Over the next few months, DowDuPont (NYSE:DWDP) will split into three companies, one focused on basic materials, one on finished products, and one on agriculture.

In this segment of Industry Focus: Energy, Motley Fool's Nick Sciple and Fool.com contributor Lou Whiteman profile the new Dow, the largest of the three new companies and the only one already trading as a stand-alone. Whiteman and Sciple discuss Dow's growth prospects and capital needs and also take a look at how Wall Street has reacted to the shares hitting the market.

To catch full episodes of all The Motley Fool's free podcasts, check out our podcast center. A full transcript follows the video.

This video was recorded on April 11, 2019.

Nick Sciple: Lou, I want to move on and talk about these new companies piece by piece. I mentioned off the top, the first one of these companies to emerge is new Dow, trading under ticker DOW. It's actually replaced DowDuPont in the Dow Jones Industrial Average. Again, as I mentioned earlier, management is hammering the table on this as a new, streamlined company. The older Dow had 15 companies. This new business has six.

Lou, what can you tell us about what we're going to get with this new Dow company and what investors should be thinking about it?

Lou Whiteman: Sure. This is going to be the largest of the three siblings. About $40 billion in annual sales. Most of that is from the old Dow. They've gotten rid of some of these businesses that we'll talk about in a second. They've added maybe $5 billion worth of revenue from DuPont.

This is the old-fashioned chemicals industry. This is the raw materials, the building blocks for coatings, for industrial products, for packaging. This is in some ways a commodity play. It's not the finished products, so it can be cyclical. The good news is, it doesn't necessarily have the forward R&D that you get with a finished product business.

Dow is everywhere. These chemicals, I think 7 in 10 cans of residential paint. You use this stuff all the time. These are the commodity products that go into so many of the plastic coatings of things. This is the stuff that you don't think of that you use. It's a very good business, but it is what it is. You don't necessarily innovate in the same scale that you can innovate in some of these other areas that we'll get to.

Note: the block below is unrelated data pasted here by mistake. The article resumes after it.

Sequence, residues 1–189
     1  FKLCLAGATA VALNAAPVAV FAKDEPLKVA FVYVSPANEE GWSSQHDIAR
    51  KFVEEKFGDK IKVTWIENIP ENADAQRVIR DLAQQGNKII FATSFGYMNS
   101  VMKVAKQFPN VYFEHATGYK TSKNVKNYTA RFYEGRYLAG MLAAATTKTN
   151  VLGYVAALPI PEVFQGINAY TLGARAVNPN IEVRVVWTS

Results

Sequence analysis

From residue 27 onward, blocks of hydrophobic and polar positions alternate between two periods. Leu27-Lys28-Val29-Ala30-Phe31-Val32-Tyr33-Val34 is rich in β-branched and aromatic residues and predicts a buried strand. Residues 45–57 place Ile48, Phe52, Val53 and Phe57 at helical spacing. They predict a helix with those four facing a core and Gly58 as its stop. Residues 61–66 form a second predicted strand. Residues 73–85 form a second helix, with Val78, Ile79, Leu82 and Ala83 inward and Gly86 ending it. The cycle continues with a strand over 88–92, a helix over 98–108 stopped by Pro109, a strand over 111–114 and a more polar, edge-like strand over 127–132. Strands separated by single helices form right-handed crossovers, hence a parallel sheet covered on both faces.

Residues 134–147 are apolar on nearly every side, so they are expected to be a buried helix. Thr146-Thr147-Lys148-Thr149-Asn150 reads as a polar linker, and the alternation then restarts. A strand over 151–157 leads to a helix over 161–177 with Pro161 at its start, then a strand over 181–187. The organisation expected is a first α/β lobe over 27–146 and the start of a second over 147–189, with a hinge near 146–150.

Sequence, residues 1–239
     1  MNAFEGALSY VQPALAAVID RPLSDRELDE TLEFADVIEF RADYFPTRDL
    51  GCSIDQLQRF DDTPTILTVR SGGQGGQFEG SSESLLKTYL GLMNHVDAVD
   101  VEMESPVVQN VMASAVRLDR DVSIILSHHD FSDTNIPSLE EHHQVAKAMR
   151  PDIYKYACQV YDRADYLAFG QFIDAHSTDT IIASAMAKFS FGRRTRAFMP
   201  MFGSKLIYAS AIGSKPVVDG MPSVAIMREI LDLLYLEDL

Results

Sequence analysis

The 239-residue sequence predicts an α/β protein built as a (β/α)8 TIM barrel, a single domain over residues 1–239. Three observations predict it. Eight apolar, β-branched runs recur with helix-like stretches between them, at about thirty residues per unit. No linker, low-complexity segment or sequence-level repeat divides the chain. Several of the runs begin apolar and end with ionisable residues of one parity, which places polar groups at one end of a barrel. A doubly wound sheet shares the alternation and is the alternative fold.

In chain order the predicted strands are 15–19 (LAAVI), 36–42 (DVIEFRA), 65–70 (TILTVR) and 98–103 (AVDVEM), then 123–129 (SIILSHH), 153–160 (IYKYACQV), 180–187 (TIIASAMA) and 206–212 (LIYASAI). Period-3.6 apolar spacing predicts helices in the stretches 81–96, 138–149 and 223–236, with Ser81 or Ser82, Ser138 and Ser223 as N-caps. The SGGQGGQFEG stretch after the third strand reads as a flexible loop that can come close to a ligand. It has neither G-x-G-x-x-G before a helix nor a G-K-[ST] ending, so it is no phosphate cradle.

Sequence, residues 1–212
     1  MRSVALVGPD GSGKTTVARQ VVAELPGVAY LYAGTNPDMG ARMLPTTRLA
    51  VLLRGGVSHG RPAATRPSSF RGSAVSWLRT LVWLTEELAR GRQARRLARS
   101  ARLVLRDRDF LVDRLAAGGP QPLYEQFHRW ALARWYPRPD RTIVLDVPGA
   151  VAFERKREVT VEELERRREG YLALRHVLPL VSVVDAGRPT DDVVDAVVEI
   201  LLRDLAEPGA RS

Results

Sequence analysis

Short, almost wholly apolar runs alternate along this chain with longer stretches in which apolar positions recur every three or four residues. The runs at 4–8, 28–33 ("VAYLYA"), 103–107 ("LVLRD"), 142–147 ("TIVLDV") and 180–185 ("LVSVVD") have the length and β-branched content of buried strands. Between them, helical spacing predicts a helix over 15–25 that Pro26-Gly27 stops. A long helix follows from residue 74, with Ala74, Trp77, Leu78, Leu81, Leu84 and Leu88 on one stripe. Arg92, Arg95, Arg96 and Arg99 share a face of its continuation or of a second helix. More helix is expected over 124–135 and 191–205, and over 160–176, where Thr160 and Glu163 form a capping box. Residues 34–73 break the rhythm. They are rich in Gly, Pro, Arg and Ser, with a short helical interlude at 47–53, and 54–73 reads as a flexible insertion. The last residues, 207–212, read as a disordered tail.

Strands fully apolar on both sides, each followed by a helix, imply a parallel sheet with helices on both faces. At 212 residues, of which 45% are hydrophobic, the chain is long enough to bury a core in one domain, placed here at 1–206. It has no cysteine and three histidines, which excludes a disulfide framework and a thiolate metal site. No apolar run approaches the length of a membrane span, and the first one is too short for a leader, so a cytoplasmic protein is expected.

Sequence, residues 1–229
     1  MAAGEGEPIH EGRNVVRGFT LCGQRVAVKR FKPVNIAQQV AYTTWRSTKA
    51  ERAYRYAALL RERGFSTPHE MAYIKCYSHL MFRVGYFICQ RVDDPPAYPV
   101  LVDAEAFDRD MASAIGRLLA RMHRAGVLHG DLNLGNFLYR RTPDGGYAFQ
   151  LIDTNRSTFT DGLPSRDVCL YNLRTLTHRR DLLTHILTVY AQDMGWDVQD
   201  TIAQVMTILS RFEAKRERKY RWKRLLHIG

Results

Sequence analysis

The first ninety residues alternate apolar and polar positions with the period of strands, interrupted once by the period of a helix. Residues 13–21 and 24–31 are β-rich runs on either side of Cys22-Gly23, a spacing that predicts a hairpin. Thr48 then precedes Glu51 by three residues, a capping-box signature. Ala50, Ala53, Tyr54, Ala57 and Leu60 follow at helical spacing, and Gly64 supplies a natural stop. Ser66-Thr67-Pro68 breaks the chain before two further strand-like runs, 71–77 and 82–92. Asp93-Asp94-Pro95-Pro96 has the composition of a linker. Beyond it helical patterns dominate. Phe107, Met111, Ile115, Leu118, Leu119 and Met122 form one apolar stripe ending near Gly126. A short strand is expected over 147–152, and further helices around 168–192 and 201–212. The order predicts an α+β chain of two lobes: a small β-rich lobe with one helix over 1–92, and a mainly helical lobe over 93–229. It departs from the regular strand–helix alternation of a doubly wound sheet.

Sciple: Yeah, you're right, Lou. You mentioned, and I want to pull the thread on it, how this part of the business doesn't need as much incremental investment in R&D to develop the company. The new Dow has made a firm commitment to spend no more than depreciation and amortization over the next three years. They want to focus on cheaper products. They're really going to focus on returning capital to shareholders and not investing as much into new developments at the business. Going to realize some cost synergies.

When you look at this strategy for the new Dow, to keep as tight a lid on spending as you can and pump money back to shareholders through dividends and buybacks, what are your thoughts on that strategy as it fits into the context of the business they're going to be doing?

Whiteman: Part of this, this is the case for that original merger. Neither company was running at 100%. If you put Dow together with the DuPont assets, you have capacity to produce more product without the massive capital spending that you may normally need to expand. That's only going to last for so long, obviously. It depends on the cycle. But you can look out the next three years and say, "We have room to expand with the economy without massive capex projects." On the cost side, which you always talk about when a deal comes together, there seems to be a real potential for revenue growth, whether you call it revenue, synergies, whatever, as they use the combined capacity of the company. I think this is a pretty easy target for them to hit. I expect they should be able to run the business with growth without the capex to some extent for a while.

Sciple: Management says they're going to target 65% of net income returning to shareholders via dividends and buybacks, 45% of that being dividend, 20% at least in the near-term being buybacks. Wall Street has responded very positively to this stock. Its first day of trading, it popped 7%. It seems to be getting a lot of the love relative to the remaining parts of DowDuPont. As you look at Wall Street's initial reaction, what are your thoughts on how folks have reacted coming out of the gate?

Whiteman: For one thing, I think it's interesting to contrast that to how DowDuPont has been a real underperformer while all this was going on. I think this speaks to, again, the logic of the deal. There are different parts of the market, maybe, that'll be interested in these different companies. But there is demand for a Dow company profile type of stock without the other things. I think it speaks well to, hopefully, the bigger plan down the line.

There's a lot going on. You mentioned that Dow replaced DowDuPont in the Dow index. I would think that some of what we're seeing could be noise right now, where it's just people buying in because it's part of the index, things like that. But this is a good company. Again, I do believe that for a certain profile of investment, where you're looking for this stable, predictable company, without the baggage or upside, even, of some of these other businesses, that yes, there is a demand for it. And yes, this is to the point of what they were trying to accomplish. This is our first chance to see how it may look out in the wild. And so far, so good.